But what if you truly do have a disability that would be helped with the assistance of a service dog? Can you train your pet dog to perform service tasks? It’s possible, but it depends a great deal on your dog. Many dogs simply do not have the physical structure (solid hips, elbows, eyes, heart, etc.) or mental soundness (eagerness and ability to learn; friendliness towards people of all ages and sizes and to all animals; solidness in the face of noises, traffic, crowds, food, and other distractions; and ability to focus for what may be hours at a time without getting distracted). Take an honest look at your dog or better yet, have an experienced trainer evaluate your dog for you to make sure that what you’re asking is reasonable and fair to your dog. Asking a dog who’s not cut out for service work to take on those tasks is incredibly cruel. Remember, even dogs who are specifically bred and trained for service work sometimes flunk out of their programs. If your dog was not acquired with this purpose in mind, it’s important that you honestly evaluate whether you should be asking him or her to take on this responsibility before you start.

But what if you don’t have a disability? What if you just want to bring your pet with you? There are plenty of pet-friendly stores that will happily accept your well-trained companion. Check around your area, and give your business to the stores that welcome your dog. Many home improvement stores, bookstores, banks, craft stores, hobby shops, and clothing stores will allow well-behaved dogs if you ask politely. Stores and restaurants that prepare or sell food often aren’t able to be quite so welcoming due to health code policies, but many of these as well as coffee shops and bars will allow your polite pooch to accompany you where outdoor seating is available.

You can also consider training your friendly, stable adult dog to become a therapy dog. Therapy dogs do not have the same rights as service dogs, but trained teams who have passed a test and become registered with a national therapy dog organization are permitted to volunteer at hospitals, nursing homes, libraries, schools, and other places where a connection with a friendly animal can be helpful to others. Therapy visits can be hugely rewarding for dogs and their handlers, and there’s always a big need for these specially trained dogs to spread some comfort and cheer to those who could use it most.

After several more questions to see whether I would consider bending my rules for her, the caller hung up, frustrated. I wasn’t willing to say her dog was a service dog for any price, nor would I recommend anyone who might. I reiterated how unethical passing a pet dog off as a service animal was, and hoped that the caller got the message. Faking your need for a service dog is every bit as taboo as taking a handicapped parking space when you don’t need it.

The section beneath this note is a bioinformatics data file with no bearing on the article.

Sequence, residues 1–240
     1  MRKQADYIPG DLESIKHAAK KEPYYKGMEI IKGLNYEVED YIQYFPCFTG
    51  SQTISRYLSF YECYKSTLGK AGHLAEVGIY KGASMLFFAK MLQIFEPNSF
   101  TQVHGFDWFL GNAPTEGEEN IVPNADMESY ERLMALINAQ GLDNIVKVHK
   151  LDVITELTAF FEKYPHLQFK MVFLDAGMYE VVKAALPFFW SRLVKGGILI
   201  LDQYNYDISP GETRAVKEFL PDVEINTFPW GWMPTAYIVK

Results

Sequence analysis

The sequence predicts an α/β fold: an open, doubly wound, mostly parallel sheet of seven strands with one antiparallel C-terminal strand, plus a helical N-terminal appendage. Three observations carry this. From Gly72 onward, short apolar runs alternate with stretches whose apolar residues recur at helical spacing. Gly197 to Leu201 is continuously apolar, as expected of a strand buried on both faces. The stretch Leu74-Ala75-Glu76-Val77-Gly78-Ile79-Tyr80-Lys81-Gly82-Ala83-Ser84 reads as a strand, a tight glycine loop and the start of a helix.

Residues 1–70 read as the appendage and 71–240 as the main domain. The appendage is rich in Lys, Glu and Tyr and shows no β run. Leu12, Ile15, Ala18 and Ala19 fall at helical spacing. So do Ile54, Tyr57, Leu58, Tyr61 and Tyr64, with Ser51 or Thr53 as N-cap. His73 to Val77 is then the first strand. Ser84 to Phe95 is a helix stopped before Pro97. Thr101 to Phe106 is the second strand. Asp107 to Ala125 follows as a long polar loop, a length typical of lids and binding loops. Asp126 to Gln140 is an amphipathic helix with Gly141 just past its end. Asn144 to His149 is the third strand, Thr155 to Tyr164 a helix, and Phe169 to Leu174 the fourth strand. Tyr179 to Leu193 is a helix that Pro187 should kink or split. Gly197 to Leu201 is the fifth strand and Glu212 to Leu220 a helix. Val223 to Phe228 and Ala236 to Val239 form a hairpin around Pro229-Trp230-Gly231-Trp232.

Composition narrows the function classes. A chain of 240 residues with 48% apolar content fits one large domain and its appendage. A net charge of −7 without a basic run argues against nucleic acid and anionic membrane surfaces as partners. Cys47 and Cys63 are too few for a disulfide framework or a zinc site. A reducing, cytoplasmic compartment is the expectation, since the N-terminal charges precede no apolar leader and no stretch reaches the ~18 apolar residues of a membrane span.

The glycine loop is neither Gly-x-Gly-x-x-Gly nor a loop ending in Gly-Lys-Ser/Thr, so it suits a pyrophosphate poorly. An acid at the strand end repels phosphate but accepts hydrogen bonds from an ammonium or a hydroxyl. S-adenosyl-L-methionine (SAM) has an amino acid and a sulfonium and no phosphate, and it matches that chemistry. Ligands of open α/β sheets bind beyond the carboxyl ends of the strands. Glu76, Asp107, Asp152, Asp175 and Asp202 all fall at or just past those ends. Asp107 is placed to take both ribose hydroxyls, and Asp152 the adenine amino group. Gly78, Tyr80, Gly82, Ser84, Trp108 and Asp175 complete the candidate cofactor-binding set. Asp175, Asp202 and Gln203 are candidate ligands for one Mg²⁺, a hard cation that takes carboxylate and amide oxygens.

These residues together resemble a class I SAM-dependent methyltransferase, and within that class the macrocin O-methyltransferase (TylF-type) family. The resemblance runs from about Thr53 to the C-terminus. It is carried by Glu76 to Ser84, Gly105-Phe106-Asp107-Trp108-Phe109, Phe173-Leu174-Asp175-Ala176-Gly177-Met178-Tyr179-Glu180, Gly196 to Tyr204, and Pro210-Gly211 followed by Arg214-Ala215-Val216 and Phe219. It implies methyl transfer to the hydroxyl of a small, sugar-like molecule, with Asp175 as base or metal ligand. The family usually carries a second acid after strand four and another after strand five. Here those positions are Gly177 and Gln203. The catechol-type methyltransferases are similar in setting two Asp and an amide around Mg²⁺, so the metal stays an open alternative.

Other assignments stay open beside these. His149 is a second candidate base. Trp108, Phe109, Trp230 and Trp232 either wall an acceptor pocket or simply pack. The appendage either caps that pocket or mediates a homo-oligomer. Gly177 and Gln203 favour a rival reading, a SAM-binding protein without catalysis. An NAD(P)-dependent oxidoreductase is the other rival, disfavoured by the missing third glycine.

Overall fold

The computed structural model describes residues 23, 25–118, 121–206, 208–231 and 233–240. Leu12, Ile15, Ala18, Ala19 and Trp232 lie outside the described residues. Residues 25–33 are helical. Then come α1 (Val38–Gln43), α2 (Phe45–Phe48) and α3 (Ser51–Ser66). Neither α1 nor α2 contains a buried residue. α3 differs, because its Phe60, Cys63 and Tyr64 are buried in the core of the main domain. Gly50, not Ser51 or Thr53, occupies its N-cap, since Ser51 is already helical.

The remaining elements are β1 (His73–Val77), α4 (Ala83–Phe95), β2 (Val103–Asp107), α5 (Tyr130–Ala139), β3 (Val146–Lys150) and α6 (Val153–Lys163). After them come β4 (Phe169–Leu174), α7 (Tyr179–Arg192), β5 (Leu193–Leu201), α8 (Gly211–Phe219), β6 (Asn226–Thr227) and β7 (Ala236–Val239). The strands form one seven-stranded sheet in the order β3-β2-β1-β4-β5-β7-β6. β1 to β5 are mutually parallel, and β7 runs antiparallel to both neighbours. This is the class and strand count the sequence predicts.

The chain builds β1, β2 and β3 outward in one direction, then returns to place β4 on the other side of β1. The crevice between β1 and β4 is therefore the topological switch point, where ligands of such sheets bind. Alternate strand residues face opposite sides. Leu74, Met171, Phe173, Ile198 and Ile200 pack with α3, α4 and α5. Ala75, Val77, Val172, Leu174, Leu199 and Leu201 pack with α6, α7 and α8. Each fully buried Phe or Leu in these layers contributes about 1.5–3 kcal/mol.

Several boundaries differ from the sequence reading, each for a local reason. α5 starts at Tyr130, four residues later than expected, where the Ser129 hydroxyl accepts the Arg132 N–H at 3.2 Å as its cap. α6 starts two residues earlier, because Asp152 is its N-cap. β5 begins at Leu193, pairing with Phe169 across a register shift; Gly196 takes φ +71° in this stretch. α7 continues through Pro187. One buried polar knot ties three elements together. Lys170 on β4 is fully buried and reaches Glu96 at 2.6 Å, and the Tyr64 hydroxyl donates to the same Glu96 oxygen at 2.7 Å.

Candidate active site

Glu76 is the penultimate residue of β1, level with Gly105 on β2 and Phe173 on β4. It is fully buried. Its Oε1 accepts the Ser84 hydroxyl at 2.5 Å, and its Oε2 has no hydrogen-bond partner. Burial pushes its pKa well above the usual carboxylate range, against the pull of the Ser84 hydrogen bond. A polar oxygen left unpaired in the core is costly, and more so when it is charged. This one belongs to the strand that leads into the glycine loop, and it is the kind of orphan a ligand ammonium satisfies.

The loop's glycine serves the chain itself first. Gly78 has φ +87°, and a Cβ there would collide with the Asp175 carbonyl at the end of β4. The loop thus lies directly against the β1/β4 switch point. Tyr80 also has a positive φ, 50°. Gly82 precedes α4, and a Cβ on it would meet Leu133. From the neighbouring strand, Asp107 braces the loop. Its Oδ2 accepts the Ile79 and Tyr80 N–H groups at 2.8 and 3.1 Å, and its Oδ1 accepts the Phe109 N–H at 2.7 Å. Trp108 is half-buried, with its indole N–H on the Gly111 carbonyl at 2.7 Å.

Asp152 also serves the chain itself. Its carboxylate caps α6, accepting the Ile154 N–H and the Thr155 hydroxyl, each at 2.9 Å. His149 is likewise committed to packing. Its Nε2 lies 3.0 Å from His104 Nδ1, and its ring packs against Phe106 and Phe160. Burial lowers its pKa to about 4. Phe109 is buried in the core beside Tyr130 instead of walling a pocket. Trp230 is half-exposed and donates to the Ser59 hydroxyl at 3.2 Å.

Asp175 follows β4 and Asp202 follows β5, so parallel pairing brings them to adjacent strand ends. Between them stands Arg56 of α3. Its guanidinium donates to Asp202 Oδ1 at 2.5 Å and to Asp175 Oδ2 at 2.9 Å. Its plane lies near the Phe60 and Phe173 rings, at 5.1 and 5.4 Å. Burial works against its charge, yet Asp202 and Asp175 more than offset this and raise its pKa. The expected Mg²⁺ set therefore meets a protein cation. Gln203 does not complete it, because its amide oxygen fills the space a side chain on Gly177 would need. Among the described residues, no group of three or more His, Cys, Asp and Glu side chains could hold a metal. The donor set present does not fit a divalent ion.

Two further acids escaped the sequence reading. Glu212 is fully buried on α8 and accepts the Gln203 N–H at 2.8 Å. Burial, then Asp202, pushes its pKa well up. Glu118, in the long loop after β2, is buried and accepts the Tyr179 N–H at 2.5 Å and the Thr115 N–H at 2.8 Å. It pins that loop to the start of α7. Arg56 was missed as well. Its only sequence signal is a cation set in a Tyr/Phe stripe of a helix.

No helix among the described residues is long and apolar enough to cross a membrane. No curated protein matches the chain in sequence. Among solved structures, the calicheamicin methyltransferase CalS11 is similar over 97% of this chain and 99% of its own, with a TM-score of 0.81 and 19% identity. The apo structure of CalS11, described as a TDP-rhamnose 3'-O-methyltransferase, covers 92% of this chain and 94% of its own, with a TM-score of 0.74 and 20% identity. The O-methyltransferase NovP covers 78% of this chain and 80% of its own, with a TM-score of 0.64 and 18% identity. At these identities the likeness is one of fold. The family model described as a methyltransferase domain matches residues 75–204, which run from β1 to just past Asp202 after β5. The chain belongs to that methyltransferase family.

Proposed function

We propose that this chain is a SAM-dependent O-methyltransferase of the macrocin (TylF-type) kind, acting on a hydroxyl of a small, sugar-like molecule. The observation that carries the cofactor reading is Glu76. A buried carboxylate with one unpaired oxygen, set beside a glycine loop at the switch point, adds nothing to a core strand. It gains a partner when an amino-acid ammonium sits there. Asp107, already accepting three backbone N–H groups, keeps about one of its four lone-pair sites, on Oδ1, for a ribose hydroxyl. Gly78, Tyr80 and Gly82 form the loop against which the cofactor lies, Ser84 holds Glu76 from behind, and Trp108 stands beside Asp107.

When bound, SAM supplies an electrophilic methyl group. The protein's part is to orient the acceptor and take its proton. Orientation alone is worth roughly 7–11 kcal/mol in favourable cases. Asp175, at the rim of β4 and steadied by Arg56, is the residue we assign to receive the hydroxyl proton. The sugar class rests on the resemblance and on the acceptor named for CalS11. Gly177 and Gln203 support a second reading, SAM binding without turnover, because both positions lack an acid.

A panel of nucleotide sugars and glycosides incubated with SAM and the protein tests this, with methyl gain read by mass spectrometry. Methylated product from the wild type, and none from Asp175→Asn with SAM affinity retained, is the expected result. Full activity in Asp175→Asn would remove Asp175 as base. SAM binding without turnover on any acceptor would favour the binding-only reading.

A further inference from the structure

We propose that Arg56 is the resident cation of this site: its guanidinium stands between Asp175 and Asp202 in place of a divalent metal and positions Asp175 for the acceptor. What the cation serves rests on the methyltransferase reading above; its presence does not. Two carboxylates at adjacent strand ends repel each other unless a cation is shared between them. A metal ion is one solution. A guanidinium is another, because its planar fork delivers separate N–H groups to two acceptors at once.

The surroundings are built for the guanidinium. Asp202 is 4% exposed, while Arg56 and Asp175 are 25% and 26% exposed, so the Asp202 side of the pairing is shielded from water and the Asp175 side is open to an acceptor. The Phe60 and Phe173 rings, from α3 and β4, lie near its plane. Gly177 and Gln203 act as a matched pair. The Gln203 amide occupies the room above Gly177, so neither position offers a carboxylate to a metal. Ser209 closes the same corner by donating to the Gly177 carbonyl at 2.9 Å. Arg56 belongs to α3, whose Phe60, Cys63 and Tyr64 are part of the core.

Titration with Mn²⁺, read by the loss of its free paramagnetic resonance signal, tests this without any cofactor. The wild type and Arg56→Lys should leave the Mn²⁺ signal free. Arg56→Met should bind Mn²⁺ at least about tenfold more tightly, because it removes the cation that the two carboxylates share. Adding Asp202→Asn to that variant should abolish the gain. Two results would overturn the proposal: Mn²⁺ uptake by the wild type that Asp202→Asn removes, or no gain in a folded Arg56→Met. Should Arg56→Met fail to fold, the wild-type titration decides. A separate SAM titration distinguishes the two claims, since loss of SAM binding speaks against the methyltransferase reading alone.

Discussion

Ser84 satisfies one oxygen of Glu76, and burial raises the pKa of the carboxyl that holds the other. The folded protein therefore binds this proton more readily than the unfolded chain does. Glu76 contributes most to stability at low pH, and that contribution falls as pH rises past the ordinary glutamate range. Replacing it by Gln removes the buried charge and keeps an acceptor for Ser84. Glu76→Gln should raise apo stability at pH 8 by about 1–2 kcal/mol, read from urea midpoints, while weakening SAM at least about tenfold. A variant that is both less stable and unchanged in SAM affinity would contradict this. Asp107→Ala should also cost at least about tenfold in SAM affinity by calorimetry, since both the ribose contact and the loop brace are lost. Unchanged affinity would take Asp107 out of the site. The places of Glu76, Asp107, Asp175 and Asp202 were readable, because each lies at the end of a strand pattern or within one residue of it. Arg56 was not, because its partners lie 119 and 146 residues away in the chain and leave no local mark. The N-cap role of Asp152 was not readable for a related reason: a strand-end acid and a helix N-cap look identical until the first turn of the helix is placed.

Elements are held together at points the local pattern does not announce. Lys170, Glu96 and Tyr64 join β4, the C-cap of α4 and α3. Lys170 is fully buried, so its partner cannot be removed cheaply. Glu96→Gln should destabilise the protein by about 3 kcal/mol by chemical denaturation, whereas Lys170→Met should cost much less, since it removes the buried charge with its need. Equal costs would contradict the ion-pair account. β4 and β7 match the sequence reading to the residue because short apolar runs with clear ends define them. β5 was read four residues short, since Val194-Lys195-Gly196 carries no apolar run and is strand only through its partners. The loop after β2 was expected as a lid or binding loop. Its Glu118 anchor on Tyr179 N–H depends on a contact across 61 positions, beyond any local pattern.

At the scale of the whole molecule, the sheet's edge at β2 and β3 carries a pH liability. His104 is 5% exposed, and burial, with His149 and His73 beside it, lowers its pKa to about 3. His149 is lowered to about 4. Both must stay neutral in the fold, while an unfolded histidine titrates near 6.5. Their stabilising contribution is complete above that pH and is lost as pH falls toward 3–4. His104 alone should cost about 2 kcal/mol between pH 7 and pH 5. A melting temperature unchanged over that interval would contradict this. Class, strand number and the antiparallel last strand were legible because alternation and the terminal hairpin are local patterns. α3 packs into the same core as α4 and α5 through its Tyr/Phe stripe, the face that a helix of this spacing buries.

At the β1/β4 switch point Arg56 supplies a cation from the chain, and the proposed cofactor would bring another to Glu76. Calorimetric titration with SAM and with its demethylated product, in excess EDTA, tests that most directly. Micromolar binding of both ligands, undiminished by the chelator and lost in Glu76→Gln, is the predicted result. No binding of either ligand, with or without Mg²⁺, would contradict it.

Have you ever heard of someone passing their pet dog off as a service dog? Did you call them on their behavior? Please share your stories and tips in the comments section below, and consider sharing this blog post with your friends to spread the word about the fake service dog problem. Enjoy your dog in and at the places where it’s appropriate for you to do so, and be thankful that you have the independence not to need him for more specialized assistance. Pet dogs have a very important job too, and respecting your dog’s place is a great way to respect the amazing individual he is.

Petting Dogs: why consent is important

“Come give Sara a hug goodbye,” my friend tells her 3-year-old son. His eyes get big, and he stands behind his mother, hugging her legs. It’s an uncomfortable moment. My friend is embarrassed that her son clearly doesn’t want to hug me. She wants to teach him manners, and worries how his reaction reflects on her parenting. It’s been so long since we last saw each other that her son barely remembers me, and he’s very uncomfortable with the idea of such an intimate goodbye. I’m also not a fan of the idea, since I don’t want to touch anyone, no matter the age, without his or her express consent, even for something as minor as a brief embrace.

“Do you want to wave goodbye instead?” I ask my friend’s son. He nods and smiles shyly, waving bye-bye. The tension in the room relaxes, and I hug my friend goodbye while her son stands in the background, relief palpable in his demeanor as he waves. I hope that I’ve given both him and his mother the tools to deal with similar situations gracefully in the future. It’s okay if he doesn’t want someone to touch him, and he can always offer an alternate suggestion that he feels more comfortable with.

It’s not okay to touch others without their consent. As grabby primates, this can be a hard rule for us to follow. It’s not okay to rub a stranger’s pregnant belly, or to ruffle a child’s curly hair without her permission. If someone doesn’t want to shake hands or hug, waving or giving a fist bump may be more appropriate. We learn as young children to keep our hands to ourselves, and it’s something that we need to remember our entire lives. It’s also something we need to remember when we interact with dogs.